Jaybo
 

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The Dude Abides
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212 Posts
Patents are a good thing

Jaybo said:
Don't you get it? When companies like Ellsworth and Specialized get into this petty crap it erodes mountain biking for us all! I agree, I think Turners are clearly not as good post this fiasco as before it. The HL is the most supple suspension design on the market; however, when my Spot ends its useful like I will not be buying either an Ellsworth or a Specialized. Stikin' Tony and his band of merry morons are hurting us all.

Jaybo
What about Santa Cruz? Maverick? GT/Haro? Patenting an invention is far from petty crap. An extreme example and not intended to represent anyone: what if you found a way to build the perfect mountain bike. No suspension bob, no brake effects, the lightest frame, by far the best bike ever made by anyone. Now what if there was no way for you to protect your idea, and any Tom, Dick or Harry can make one just like it, reaping all of the reward from your R&D. It's why we have patent laws, and there is no reason why the cycling industry should be void of it.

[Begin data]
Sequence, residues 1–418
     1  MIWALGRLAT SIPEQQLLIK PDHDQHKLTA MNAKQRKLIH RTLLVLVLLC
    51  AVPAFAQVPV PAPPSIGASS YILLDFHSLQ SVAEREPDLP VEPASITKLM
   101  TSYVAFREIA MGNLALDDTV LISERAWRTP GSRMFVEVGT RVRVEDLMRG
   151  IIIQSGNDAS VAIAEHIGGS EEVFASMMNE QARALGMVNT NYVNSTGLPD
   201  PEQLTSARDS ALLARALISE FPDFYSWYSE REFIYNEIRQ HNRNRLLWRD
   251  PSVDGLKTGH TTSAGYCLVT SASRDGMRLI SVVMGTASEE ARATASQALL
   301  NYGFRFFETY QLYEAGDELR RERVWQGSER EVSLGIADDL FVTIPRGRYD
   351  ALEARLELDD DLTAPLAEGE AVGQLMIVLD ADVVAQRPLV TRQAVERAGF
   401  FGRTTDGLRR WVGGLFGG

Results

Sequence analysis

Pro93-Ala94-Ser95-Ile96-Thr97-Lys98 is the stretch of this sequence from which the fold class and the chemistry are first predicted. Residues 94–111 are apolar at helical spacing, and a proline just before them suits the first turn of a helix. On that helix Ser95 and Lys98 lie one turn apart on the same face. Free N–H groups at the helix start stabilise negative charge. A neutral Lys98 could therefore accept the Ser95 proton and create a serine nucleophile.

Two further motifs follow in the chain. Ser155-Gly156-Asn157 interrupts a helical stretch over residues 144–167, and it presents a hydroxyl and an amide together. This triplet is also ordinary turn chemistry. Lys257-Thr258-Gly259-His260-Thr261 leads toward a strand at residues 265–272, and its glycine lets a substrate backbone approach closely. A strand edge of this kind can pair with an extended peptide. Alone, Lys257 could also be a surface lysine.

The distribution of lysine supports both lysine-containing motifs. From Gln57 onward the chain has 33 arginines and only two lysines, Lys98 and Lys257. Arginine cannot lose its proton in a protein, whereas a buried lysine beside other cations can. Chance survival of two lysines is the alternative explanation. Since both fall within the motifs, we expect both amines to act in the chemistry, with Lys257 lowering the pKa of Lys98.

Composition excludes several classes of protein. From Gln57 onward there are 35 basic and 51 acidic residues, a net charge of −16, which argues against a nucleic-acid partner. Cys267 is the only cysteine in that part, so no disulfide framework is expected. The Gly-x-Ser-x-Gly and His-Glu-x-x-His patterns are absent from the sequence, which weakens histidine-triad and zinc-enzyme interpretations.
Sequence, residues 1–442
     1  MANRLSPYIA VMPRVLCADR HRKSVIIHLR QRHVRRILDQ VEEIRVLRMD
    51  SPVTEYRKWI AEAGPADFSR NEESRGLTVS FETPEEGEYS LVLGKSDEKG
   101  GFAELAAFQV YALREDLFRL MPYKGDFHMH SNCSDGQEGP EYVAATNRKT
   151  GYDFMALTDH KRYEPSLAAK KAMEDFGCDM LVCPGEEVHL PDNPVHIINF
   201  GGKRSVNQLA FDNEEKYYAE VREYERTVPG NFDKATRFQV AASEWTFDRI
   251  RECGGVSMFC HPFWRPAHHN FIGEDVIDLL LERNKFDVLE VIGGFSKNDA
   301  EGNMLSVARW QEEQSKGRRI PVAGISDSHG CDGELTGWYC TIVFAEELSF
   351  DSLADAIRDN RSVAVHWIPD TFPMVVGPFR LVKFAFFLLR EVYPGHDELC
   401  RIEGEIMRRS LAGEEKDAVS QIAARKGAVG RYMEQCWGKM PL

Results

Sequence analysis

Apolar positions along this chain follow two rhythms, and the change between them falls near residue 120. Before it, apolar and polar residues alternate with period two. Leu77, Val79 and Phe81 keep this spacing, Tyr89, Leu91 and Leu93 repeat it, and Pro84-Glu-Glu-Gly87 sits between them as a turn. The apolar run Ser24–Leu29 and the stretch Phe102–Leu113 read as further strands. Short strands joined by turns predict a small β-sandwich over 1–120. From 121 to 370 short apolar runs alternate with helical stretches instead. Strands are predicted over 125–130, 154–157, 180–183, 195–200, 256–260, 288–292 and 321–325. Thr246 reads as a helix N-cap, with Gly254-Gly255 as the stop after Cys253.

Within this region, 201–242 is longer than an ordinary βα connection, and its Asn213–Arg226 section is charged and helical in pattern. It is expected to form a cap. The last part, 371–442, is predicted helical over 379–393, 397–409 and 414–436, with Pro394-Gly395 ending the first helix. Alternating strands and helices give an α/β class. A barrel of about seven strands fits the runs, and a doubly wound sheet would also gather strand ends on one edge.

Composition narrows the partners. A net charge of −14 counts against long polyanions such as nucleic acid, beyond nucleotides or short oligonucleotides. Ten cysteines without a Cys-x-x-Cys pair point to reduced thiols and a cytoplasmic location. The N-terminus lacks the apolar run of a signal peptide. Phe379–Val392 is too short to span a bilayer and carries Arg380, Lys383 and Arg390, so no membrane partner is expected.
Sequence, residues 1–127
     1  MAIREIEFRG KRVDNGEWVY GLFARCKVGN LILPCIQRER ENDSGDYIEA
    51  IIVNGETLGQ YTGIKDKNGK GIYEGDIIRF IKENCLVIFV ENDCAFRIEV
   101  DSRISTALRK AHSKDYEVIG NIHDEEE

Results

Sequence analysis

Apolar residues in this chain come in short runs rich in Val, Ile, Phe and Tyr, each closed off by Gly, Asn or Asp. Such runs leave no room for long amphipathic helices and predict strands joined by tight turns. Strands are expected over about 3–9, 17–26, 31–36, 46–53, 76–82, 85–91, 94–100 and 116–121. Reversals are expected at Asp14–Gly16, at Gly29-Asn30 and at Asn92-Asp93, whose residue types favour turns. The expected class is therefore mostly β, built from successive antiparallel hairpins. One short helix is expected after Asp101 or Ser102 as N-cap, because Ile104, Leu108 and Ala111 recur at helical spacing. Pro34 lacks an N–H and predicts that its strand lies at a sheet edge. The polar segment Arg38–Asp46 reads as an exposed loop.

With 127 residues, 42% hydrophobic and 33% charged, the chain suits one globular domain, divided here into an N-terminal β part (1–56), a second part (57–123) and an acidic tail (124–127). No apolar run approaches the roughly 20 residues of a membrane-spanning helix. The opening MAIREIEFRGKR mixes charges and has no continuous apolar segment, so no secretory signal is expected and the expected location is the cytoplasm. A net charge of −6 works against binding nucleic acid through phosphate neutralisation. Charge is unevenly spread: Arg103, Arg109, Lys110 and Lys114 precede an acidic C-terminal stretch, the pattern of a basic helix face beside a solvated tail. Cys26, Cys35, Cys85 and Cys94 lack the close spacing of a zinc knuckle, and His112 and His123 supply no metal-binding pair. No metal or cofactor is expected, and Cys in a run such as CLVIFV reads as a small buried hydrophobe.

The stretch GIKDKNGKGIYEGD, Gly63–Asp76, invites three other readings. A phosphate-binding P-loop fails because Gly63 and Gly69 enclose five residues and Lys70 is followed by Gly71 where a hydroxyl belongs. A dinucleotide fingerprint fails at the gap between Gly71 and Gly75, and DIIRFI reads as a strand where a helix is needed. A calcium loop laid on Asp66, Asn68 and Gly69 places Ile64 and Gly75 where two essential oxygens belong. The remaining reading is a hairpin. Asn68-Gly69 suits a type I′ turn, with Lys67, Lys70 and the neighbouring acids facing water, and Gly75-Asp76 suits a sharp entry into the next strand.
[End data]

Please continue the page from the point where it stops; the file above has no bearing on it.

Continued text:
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Time is not a road.
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Jaybo said:
Don't you get it? When companies like Ellsworth and Specialized get into this petty crap it erodes mountain biking for us all! I agree, I think Turners are clearly not as good post this fiasco as before it. The HL is the most supple suspension design on the market; however, when my Spot ends its useful like I will not be buying either an Ellsworth or a Specialized. Stikin' Tony and his band of merry morons are hurting us all.

Jaybo
I noted that perhaps these types of patent disputes should be eliminated and was chastised because that's not "Free Market thinking". So, then, business is business.

Turner seems to have made a decent product with TNT. Furthermore, you're speculating that this decision is based on some sort of aggressive tactics by either Specialized or Ellsworth. One could look at it and say that other designs such as VPP, Maestro and DW Link were created because of patents like these. It is quite possible that the future of suspension design has not yet been discovered.
 

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My cup runneth over
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Jaybo said:
Don't you get it? When companies like Ellsworth and Specialized get into this petty crap it erodes mountain biking for us all! I agree, I think Turners are clearly not as good post this fiasco as before it. The HL is the most supple suspension design on the market; however, when my Spot ends its useful like I will not be buying either an Ellsworth or a Specialized. Stikin' Tony and his band of merry morons are hurting us all.

Jaybo